Author: Keith Winston
While I did not expect the configuration to be easy, I did not expect it to be especially difficult either. To be fair, a lot of the complexities have nothing to do with the USB drivers, but are more related to the device naming and mapping changes that occurred in the upgrade from the 2.4 to the 2.6 kernel.
To better handle dynamic, hotplug devices on USB and FireWire, changes were made in the 2.6 kernel to provide persistent device names. The kernel now handles device management via two subsystems called sysfs and udev. If you run a 2.6 kernel, you may notice a new virtual directory called /sys in the root of your system. The /sys directory works like /proc in that it maps directly to part of system memory. While /proc tracks kernel parameters and state, /sys tracks device names known to the system. The device names in /sys are persistent because they are based on unique hardware and bus identifiers. This allows the kernel to always assign the same name to a dynamic device, something that was not possible in the 2.4 kernel.
In the 2.4 kernel the order you plug in USB devices can affect the name that gets assigned to it. The name of a device is neither unique nor guaranteed. The sysfs subsystem in the 2.6 kernel tries to solve that problem by naming devices using a unique identifier. The result is something not very useful to humans, as the device name for my wireless USB adapter turned out to be /sys/devices/pci0000:00/0000:00:02.1/usb3/3-1/3-1:1.0. That name is not very handy to deal with, so the udev subsystem provides a mapping between the /sys device name and the more familiar device names like /dev/wlan0.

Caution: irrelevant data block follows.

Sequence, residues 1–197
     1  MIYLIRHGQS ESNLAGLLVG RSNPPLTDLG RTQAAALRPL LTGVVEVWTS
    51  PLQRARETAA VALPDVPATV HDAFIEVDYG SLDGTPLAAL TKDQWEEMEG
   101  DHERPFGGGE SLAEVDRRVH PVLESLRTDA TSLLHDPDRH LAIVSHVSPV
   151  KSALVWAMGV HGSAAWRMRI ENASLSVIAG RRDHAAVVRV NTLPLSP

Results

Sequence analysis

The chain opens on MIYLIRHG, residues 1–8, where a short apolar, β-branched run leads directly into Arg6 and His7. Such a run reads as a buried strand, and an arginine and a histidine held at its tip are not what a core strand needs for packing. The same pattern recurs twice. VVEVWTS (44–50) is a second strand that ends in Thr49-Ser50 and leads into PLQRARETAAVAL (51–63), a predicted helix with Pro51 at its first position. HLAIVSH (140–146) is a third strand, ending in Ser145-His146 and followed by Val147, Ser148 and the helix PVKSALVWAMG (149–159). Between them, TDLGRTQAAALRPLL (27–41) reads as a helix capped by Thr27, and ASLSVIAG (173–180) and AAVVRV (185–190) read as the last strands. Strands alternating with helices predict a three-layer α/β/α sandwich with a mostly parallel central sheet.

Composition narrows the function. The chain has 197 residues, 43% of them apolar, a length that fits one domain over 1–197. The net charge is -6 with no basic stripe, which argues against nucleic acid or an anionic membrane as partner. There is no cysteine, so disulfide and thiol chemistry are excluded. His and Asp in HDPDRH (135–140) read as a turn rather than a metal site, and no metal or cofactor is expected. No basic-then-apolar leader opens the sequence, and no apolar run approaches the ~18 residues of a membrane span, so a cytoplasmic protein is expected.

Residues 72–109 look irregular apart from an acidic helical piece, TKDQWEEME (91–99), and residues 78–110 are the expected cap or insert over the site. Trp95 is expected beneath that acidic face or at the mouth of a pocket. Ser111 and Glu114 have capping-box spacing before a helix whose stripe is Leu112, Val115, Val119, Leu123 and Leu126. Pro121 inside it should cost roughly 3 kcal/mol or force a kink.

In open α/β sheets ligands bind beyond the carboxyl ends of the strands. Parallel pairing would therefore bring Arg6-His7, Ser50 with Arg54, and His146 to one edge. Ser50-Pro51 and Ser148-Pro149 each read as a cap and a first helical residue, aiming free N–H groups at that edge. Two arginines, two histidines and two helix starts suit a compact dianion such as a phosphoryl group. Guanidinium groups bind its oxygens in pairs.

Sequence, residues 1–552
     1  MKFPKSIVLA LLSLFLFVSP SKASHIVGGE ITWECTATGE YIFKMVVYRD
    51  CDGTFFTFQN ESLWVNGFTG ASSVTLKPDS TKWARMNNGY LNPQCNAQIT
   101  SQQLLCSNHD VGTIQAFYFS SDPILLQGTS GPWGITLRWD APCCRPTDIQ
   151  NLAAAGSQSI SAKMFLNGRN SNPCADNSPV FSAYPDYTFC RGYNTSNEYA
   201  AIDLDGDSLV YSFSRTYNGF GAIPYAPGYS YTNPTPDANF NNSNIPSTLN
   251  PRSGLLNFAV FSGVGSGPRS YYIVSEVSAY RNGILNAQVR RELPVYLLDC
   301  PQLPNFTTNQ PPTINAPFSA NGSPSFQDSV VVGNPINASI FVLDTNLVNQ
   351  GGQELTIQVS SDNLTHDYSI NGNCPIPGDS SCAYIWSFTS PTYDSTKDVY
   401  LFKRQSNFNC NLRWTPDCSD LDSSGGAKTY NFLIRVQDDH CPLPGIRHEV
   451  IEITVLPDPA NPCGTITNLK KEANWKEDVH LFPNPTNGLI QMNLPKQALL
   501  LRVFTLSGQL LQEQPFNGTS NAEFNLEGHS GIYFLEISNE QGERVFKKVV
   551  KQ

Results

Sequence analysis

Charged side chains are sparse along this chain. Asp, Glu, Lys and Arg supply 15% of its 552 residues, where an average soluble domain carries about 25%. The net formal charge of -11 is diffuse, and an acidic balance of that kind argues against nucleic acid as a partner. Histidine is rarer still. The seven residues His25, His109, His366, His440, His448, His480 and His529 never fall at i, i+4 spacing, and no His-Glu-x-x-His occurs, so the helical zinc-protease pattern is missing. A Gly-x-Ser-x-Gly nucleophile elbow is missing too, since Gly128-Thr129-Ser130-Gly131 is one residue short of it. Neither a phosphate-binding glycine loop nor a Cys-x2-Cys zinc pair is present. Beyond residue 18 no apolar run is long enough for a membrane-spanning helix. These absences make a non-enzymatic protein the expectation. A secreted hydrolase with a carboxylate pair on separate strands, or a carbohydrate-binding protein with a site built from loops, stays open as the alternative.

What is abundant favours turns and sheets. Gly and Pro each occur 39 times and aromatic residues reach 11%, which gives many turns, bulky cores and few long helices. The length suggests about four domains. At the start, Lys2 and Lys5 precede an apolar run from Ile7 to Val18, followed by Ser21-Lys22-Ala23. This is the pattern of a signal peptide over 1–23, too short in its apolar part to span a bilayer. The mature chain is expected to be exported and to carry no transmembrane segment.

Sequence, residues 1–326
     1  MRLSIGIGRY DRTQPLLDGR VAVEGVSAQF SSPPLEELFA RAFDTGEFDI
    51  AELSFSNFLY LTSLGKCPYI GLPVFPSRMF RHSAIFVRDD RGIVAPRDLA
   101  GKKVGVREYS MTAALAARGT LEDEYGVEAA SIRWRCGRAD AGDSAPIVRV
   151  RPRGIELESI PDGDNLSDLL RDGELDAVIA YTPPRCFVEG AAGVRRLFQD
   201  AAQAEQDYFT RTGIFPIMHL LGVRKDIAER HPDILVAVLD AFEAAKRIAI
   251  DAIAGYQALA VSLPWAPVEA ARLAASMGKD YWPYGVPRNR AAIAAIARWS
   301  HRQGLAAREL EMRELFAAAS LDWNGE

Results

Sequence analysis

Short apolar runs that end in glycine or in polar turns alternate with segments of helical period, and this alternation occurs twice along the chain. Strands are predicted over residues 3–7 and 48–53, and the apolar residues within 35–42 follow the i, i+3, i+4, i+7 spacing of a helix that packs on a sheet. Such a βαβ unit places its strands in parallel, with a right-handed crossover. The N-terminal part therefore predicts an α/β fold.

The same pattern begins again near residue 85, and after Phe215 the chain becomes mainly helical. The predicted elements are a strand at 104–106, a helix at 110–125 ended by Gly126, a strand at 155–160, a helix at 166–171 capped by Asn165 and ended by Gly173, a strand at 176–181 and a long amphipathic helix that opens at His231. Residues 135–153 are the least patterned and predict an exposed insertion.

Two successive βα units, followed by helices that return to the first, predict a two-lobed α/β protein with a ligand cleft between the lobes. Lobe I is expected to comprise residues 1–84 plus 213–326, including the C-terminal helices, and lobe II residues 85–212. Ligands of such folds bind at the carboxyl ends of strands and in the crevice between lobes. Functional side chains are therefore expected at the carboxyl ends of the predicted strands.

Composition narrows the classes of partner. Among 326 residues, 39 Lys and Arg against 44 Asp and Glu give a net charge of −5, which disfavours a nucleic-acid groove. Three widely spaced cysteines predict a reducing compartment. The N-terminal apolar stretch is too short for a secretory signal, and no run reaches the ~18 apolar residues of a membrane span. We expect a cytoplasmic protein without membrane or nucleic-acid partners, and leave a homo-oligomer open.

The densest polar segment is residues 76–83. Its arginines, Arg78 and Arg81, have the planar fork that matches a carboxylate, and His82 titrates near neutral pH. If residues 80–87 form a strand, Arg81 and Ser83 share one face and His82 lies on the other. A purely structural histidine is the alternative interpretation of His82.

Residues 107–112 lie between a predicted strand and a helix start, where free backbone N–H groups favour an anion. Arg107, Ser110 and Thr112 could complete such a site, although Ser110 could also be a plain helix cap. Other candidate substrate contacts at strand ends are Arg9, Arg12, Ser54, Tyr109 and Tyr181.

My initial research on wireless USB adapters landed me at the hardware compatibility list maintained by Absolute Value Systems, the company that maintains the linux-wlan project and provides drivers for several wireless USB and PCMCIA chipsets. After scanning the compatibility list, I decided to get the Linksys WUSB12 802.11b adapter. It was inexpensive and seemed to be supported.
My primary desktop runs SUSE Professional 9.1 using the 2.6.5 kernel. I plugged the new wireless adapter into an open USB port and fired up the SUSE administration tool, YaST, to see if it had been recognized. No dice. I ran an
lsmod command to see if the kernel had recognized it, and was pleased to see the prism2_usb kernel module loaded. I made an attempt to configure the wireless USB card in YaST anyway, and YaST dutifully created a configuration file for it, but I was no closer to getting it to work. It was time to look at the wireless USB configuration itself.
The default location for configuration files is in /etc/wlan/ and the main file is
wlan.conf. Wlan.conf is a shell script, and the only thing it does is set some environment variables.
There are only three settings in wlan.conf to check:
WLAN_DEVICES="wlan0" SSID_wlan0="stayoutofmynet" ENABLE_wlan0="y"
The SSID_wlan0 setting is the network identifier for the wireless network. The system looks for a network-specific configuration file based on the SSID_wlan0 setting. In this example, it looks for a file called /etc/wlan/wlancfg-stayoutofmynet for additional settings. If it does not find the network-specific file, it reads the /etc/wlan/wlancfg-DEFAULT file. The wlancfg-stayoutofmynet file contains mostly WEP encryption settings, including which key to use and the key itself.
Another important file in the process is /etc/wlan/shared, a shell script that contains the functions to enable, start, and stop the network interface. There is no need to change the /etc/wlan/shared file; it is called by other scripts to do the dirty work.